Edward Snowden, former CIA analyst, revealed the extent of mass surveillance programs collecting telephone metadata in June 2013. He caused a storm, and the questions of privacy and surveillance sparked widespread concern. Where should the line be drawn between national security and the right to privacy? How far should the government be allowed to collect information on our daily activities? Two years later, these questions seems to have slowly evaporated. Where is Edward Snowden now? Did his revelations change anything? And what does whistleblowing mean in terms of freedom of speech?
What’s the situation now?
Edward Snowden appears to have lost public interest. He is currently still in Russia – if he returns to the US, he faces persecution by the authorities. During the run-up to the US elections, the democratic candidates debated on whether Snowden should be considered as a hero or a traitor. Hillary Clinton stated: “He broke the laws of the United States. He could have been a whistlebower. He could have gotten all of the protections of being a whistleblower. He could have raised all the issues that he has raised.” Governor Malley echoed this, pointing out that “Whistleblowers do not run to Russia and try to get protection from Putin.”
On Clinton’s opposing side was Bernie Sanders, who acknowledged the important role “in educating the American people to the degree to which [their] civil liberties and constitutional rights are being undermined.” And Dr Jill Stein even went as far as asserting Snowden should be welcomed as a hero. “While he broke a law, technically, he also served a much higher constitutional law which was being broken.”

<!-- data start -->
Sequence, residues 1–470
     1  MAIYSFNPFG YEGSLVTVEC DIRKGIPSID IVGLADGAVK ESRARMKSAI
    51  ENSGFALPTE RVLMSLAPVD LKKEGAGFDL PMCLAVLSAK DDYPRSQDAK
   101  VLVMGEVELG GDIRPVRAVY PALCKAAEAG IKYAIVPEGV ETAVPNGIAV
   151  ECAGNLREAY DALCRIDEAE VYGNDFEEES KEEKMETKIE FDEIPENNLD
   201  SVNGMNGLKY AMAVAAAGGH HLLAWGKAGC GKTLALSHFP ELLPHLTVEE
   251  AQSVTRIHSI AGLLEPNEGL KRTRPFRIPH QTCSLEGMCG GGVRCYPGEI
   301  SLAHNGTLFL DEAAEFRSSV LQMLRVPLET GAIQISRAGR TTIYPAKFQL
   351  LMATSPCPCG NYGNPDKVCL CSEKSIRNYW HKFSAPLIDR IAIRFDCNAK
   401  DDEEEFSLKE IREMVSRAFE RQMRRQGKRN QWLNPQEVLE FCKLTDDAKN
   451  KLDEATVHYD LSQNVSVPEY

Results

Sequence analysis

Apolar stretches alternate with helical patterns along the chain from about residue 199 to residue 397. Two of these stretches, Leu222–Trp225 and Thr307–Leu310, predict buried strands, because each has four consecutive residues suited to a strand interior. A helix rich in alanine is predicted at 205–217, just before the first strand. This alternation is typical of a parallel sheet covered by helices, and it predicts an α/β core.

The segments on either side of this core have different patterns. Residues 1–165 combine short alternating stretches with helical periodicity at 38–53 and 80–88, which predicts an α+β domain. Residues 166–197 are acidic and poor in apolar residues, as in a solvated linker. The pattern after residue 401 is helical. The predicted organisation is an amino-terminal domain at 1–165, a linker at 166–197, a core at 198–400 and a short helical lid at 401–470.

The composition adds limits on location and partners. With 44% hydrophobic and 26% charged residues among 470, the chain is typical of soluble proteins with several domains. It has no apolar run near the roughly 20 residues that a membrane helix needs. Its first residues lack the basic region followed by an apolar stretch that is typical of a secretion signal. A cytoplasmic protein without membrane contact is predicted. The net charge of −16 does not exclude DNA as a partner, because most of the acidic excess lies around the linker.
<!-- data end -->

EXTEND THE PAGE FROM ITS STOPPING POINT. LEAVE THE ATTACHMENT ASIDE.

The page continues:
Freedom of speech
Whistlebowing is protected under the Whistleblower Protection Act. The statute states:
A federal agency violates the Whistleblower Protection Act if it takes or fails to take (or threatens to take or fail to take) a personnel action with respect to any employee or applicant because of any disclosure of information by the employee or applicant that he or she reasonably believes evidences a violation of a law, rule or regulation; gross mismanagement; gross waste of funds; an abuse of authority; or a substantial and specific danger to public health or safety.
In 2013, Michael Bochenek, Director of Law and Policy at Amnesty International said that: “No one should be charged under any law for disclosing information of human rights violations. Such disclosures are protected under the rights to information and freedom of expression.” This would mean that Snowden’s actions were legally justified as what he disclosed amounted to a human right violation – the violation of our privacy.
Snowden disclosed information that he considered to be a violation of civil liberties and an abuse of authority. He would therefore be entitled to legal protection under this Act. Freedom of speech is legally respected in regards to whistlebowing as people have the right to speak against their employers to report “a violation of a law, rule, or regulation” and other mishandlings. However, this does not mean that whistleblowers can speak freely expect nothing in retaliation. Snowden revealed very sensitive information that was of great public interest. Most American politicians still believe that he broke the law and needs to face persecution. They condemned him even without a trial, “labeling him both as guilty and a traitor” – which makes it doutbful that he would have access to a fair trial if he returned to the US.